Towards the end Elling brought out some old jazz singer dude. I didn’t know who he was at the time but I just looked it up and it was Jon Hendricks. He came on for the last two songs and scatted. The first was Bessie’s Blues, a Coltrane tune that wasn’t on the ballad cd. I think this was one of the times the group really jelled. Then they played Bye Bye Blackbird. Kurt sang the Miles Davis solo of it using some made up lyrics. It was kind of cool because I think a lot of people recognized that it was the Miles Davis solo and appreciated it. It’s also kind of cool because it requires secret jazz knowledge to pick up on it!!! Oh, and after I looked it up I learned that Jon Hendricks actually did this in 1986. So I guess Kurt was doing a tribute to Jon, while Jon was standing there.

During Bye Bye Blackbird, Jon was taking a solo. It looked like he was taking a longer solo than everyone had anticipated, so I think Kurt was trying to figure out how to signal to him that the song needed to end. I mean, they were probably cool having him take the solo. But he most likely didn’t do a rehearsal with the guys. So it was pretty entertaining watching the guys figuring out how to end the song while the guy was taking a long ass solo. That’s how jazz people roll.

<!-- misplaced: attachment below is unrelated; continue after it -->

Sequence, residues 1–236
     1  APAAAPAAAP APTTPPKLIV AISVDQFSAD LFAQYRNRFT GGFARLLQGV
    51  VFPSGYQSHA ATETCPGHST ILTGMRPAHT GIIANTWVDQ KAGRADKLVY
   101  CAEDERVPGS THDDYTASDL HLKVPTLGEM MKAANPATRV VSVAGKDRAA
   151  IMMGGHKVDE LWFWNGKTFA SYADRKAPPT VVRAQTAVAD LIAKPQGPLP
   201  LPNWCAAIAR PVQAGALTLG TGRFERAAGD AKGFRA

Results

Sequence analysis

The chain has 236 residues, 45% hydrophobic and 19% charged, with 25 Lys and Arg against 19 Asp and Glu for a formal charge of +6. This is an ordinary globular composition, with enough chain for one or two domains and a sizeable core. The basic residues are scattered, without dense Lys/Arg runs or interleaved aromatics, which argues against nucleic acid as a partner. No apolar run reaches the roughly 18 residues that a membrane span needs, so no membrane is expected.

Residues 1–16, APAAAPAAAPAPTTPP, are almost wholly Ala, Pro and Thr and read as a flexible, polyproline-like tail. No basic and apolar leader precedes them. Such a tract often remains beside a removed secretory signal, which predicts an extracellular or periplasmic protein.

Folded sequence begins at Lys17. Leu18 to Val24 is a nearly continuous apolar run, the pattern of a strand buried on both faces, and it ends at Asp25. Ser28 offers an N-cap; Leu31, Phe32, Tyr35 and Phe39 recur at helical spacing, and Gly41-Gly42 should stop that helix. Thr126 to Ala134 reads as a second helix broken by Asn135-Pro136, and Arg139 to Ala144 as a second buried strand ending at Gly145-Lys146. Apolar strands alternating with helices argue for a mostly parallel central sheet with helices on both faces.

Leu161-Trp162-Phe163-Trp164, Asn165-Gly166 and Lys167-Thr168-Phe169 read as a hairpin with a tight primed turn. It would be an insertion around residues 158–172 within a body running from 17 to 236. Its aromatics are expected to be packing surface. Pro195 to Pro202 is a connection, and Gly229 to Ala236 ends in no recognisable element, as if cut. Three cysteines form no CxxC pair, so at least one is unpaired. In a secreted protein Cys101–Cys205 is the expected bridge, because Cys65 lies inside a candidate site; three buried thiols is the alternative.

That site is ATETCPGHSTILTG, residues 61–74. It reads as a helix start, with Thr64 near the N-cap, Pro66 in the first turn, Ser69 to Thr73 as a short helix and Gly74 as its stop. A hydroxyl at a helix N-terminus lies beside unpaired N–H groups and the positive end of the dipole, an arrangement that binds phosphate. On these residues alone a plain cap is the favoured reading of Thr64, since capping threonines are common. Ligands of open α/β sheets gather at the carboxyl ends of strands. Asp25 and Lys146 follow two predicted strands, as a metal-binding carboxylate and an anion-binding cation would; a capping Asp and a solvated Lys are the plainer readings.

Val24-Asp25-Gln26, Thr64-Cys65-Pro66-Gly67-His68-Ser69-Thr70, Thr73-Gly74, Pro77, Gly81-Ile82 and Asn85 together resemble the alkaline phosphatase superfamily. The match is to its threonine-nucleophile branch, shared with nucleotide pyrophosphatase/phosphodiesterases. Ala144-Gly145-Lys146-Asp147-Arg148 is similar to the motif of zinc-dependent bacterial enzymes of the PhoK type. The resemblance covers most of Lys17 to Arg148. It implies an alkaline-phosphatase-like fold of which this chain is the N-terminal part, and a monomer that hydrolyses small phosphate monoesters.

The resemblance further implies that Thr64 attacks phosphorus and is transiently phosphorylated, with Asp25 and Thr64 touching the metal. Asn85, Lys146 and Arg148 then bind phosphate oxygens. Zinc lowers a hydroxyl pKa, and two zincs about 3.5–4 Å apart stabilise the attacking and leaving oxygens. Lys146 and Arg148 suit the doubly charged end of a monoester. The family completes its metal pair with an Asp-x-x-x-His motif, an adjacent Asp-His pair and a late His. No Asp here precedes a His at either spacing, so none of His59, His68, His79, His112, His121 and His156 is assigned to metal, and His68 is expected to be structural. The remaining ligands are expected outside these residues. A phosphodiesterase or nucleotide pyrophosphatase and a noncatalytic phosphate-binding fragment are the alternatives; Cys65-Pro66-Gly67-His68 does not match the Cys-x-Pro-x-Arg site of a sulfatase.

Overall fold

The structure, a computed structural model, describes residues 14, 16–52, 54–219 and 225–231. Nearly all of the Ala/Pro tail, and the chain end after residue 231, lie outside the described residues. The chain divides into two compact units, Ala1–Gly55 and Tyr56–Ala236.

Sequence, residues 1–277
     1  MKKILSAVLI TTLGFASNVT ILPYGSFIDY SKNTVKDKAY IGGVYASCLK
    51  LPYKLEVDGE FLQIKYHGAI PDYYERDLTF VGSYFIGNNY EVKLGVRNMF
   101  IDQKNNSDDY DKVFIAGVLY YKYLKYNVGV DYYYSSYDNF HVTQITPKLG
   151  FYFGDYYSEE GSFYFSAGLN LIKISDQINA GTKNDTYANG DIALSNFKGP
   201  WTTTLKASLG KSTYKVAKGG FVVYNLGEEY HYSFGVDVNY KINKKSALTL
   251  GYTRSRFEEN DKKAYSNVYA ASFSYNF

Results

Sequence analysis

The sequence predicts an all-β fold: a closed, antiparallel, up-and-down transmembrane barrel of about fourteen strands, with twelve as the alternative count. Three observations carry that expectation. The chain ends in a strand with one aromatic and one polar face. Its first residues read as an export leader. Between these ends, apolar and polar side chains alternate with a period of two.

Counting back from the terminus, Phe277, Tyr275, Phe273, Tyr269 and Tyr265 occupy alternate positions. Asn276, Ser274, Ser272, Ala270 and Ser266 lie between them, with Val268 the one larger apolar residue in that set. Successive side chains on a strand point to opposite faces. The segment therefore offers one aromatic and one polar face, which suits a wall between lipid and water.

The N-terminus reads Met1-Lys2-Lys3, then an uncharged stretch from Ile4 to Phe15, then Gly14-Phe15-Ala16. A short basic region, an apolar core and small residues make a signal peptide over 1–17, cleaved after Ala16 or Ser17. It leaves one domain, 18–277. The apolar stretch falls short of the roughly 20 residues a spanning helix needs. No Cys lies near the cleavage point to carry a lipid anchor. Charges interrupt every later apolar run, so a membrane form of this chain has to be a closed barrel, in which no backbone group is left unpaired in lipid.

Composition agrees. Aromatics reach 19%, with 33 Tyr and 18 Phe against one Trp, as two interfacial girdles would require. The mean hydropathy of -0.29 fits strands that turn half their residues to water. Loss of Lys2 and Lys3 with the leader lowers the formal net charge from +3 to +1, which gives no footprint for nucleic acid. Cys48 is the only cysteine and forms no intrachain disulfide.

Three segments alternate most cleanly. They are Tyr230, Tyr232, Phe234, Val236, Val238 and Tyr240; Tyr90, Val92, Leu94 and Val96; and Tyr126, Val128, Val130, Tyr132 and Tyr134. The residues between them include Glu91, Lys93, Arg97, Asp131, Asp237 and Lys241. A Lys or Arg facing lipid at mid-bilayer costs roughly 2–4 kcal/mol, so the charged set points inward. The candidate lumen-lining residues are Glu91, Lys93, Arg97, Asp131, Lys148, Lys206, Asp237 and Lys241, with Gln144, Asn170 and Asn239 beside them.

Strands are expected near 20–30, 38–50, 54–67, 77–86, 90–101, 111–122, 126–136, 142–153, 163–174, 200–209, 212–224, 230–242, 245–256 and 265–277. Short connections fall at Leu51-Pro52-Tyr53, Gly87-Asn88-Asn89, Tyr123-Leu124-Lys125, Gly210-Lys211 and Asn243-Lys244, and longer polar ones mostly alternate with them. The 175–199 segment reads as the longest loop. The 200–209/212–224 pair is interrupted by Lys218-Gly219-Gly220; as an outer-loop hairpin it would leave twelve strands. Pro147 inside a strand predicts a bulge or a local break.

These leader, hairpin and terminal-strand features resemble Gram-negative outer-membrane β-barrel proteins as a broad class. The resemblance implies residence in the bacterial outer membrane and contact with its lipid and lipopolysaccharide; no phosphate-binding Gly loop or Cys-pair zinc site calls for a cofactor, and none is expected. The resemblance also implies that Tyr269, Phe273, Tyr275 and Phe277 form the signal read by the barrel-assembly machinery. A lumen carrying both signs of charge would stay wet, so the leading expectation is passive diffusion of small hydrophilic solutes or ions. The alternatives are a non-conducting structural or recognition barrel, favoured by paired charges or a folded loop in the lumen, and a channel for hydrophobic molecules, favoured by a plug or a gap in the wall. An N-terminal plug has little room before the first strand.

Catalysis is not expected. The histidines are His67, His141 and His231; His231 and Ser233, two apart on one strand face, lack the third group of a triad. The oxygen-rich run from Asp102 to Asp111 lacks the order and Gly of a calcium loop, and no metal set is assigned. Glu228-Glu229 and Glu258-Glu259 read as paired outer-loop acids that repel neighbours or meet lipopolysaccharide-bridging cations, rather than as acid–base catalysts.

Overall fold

The closers were definitely the right choice because they had high crowd-pleasing potential (blues and a well known standard). I think everyone left happy, including me. While I think the source material for the concert is timeless, and perhaps shouldn’t be messed with, they did an okay job and the concert as a standalone event was good. It’s kind of hard to please and live up to standards when you leave yourself open to comparison with Johnny Hartman and John Coltrane…

ALSO: After doing even more research (lookin’ on Youtube) it seems as though Kurt sang with Bob Mintzer, one of my favorite mustached modern composers. Though apparently he didn’t sing “My Foolish Heart” on the album which I really, really like, he did sing it live with Bob. Neat-o.